Building My House

I have always wanted to build my own house. I am retired now, so I have the time. I found some land, designed a house that would fit the land and my needs and got started. I am doing all the work myself, so progress will be fairly slow. To read this blog from the beginning, start with the oldest archive and read posts from last to first.

Sunday, May 30, 2010

74: Adventure – Part III

So, while I’m waiting on parts I talk to an engineer friend of mine who wanted to hear the whole story starting with the manifolding of two compressors idea. I tell him the details and he immediately says. Tony, you’ve obviously forgotten your hydraulics engineering principles. (Yes, I have an engineering degree too, but I didn’t work my whole career in engineering – so yes, I have forgotten a thing or two). Long story short, you can manifold two compressors together, but you have to increase all your hose and air fitting sizes so that friction doesn’t rob you of all your extra capacity. So, I upgrade my airhose to 5/8” ID from 3/8” and make the manifold out of ¾” ID hoses. No, I didn’t buy 5/8” airhose that would have cost a fortune. The same engineer said go buy a new, heavy duty 5/8” waterhose. It will handle 100 psi no problem. He was right.

Fortunately, I hadn’t given back my friend’s borrowed compressor. So, I manifolded them together again with all the larger hoses and try to shoot a canister. It shoots foam and the foam looks good, but with about 25% of the foam left to spray the pressure tanks have run out of volume and both compressors kick on and can’t maintain the needed cfm. So, spraying stops and I pitch the remaining 25% out the window.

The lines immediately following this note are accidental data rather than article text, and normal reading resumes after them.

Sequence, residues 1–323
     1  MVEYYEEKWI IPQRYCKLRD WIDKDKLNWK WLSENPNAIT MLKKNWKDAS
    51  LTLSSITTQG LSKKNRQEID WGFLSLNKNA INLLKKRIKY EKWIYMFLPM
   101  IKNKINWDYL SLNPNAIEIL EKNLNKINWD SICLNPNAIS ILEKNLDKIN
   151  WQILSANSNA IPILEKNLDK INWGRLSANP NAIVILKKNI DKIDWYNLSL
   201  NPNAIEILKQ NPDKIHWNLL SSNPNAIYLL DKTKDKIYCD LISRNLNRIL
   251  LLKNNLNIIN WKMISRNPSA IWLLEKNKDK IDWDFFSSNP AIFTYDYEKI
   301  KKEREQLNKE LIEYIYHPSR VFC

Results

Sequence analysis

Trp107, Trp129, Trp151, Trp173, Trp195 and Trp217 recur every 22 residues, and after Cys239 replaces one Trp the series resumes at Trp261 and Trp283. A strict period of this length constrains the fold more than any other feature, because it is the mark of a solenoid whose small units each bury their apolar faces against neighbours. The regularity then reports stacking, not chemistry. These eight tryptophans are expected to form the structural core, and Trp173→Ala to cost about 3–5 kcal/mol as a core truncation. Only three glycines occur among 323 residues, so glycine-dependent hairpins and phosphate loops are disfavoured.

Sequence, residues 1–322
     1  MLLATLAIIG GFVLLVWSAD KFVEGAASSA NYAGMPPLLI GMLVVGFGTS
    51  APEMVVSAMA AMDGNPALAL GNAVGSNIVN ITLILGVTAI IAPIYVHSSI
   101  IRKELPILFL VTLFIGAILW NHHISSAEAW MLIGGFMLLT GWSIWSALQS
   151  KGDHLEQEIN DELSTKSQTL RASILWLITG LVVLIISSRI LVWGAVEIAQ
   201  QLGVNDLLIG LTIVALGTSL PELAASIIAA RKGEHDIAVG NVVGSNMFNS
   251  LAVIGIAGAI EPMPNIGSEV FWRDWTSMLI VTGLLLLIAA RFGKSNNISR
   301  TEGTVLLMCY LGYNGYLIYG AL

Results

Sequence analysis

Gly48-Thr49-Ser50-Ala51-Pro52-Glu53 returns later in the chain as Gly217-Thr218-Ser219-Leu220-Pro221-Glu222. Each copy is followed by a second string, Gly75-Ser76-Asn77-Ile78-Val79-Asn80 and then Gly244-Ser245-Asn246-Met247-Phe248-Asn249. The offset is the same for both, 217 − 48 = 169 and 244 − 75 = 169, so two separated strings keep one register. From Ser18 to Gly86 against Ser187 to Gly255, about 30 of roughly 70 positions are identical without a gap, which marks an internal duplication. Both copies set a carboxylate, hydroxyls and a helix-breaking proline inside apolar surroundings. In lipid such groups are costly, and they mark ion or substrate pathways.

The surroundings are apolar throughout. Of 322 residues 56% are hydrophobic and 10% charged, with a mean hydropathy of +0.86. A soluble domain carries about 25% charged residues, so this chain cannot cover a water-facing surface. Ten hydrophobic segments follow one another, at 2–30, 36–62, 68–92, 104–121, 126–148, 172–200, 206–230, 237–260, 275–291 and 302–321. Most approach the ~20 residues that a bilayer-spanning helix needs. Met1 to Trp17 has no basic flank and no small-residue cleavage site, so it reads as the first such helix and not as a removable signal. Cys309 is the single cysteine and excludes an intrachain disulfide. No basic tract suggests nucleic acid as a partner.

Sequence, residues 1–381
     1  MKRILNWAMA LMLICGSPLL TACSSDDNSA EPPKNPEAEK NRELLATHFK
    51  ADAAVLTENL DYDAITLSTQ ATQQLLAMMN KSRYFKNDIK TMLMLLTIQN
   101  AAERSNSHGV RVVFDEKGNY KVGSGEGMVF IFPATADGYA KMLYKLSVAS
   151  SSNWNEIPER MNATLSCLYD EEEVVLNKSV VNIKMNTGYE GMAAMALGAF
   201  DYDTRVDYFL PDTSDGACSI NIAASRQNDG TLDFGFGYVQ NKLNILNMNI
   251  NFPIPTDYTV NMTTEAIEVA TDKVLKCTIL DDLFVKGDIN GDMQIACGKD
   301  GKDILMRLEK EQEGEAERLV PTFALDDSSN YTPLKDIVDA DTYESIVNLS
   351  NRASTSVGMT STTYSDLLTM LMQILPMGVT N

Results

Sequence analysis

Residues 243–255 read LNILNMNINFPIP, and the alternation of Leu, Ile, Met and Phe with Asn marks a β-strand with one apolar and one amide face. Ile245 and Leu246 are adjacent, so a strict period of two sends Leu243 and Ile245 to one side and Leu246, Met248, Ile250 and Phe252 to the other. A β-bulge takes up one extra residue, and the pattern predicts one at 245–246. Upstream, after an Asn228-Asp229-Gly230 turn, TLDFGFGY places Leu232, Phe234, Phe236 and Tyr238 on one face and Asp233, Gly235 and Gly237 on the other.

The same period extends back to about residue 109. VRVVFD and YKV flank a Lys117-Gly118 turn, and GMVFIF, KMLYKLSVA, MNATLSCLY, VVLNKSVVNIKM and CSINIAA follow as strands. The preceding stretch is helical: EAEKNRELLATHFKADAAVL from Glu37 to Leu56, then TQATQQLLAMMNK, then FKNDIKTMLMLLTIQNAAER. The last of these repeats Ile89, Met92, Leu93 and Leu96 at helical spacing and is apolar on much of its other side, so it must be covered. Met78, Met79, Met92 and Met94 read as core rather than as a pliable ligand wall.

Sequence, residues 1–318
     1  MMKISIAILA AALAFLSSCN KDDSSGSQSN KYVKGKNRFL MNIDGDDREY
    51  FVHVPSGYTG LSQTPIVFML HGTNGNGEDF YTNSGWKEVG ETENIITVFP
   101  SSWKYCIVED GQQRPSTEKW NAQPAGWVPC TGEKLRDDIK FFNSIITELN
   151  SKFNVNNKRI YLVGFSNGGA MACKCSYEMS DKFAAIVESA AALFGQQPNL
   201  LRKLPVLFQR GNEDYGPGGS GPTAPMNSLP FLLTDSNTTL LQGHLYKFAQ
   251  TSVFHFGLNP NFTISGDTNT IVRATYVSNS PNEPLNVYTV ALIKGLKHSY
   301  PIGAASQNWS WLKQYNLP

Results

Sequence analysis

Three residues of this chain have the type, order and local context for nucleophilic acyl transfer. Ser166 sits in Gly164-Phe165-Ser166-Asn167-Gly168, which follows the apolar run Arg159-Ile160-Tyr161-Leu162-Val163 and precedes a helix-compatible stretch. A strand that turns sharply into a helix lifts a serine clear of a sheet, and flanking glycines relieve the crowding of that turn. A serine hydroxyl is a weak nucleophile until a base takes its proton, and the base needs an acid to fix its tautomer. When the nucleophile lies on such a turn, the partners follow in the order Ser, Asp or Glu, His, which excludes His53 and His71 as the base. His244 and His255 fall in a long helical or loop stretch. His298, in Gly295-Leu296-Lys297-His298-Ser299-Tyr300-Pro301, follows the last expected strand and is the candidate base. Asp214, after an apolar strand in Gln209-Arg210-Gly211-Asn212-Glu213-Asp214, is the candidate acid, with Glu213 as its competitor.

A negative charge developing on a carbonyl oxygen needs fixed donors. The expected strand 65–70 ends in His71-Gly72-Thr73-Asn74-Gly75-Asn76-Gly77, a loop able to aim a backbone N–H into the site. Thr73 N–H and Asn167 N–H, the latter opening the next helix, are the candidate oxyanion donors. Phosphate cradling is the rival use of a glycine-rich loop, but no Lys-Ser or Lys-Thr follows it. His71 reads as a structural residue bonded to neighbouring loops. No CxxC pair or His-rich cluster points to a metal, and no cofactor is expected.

So, now I’ve sprayed out about 4 canisters (about $90) and don’t have much to show for it. It’s back to the drawing board one more time. On Monday, when the rental compressor repairs were supposed to be finished they call me to say the repairs didn’t fix it and they have to order more parts. It will likely be another week before it’s repaired. So now, it’s time to break down and BUY a compressor. I check all over town, nobody has one locally that’s big enough to do the job. I check Ebay, nothing. I check Craigslist and they have lots of compressors. After checking everywhere within a days drive I find what I need in Dallas, a compressor company that rebuilds and sells compressors. They have a 5hp 210 volt, 80 gallon, two stage Quincy brand rebuilt compressor with a new electric motor, a reconditioned compressor pump and all for $1100. I’d seen several other used compressors in this size range for about the same price, so rather than take a chance on a used one, I bought a rebuilt one.

I drive to Dallas to get it. It weighs almost 700 lbs and is bolted down to a pallet. They load it in my pickup with a forklift. The drive home was uneventful.

Tomorrow – unloading the compressor.


At 8:33 AM, Blogger Tony said...

Here's something I learned about compressors during this adventure. If the compressor runs pretty much continuously you're basically burning out the compressor. One place said they shouldn't run more than half the time, the other place said no more than 2/3 of the time. I have read that some compressors have a "100% duty cycle", which I interpret as meaning you can run it all the time, but that may not be true


Post a Comment

<< Home